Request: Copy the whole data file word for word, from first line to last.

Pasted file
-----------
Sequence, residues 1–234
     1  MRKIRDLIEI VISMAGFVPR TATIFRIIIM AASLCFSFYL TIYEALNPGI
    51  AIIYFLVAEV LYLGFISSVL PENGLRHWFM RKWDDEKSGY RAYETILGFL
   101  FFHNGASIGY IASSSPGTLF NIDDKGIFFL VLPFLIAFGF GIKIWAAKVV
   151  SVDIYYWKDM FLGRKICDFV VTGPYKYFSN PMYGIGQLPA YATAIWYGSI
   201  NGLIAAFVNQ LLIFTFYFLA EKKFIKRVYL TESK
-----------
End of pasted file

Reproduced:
Sequence, residues 1–234
     1  MRKIRDLIEI VISMAGFVPR TATIFRIIIM AASLCFSFYL TIYEALNPGI
    51  AIIYFLVAEV LYLGFISSVL PENGLRHWFM RKWDDEKSGY RAYETILGFL
   101  FFHNGASIGY IASSSPGTLF NIDDKGIFFL VLPFLIAFGF GIKIWAAKVV
   151  SVDIYYWKDM FLGRKICDFV VTGPYKYFSN PMYGIGQLPA YATAIWYGSI
   201  NGLIAAFVNQ LLIFTFYFLA EKKFIKRVYL TESK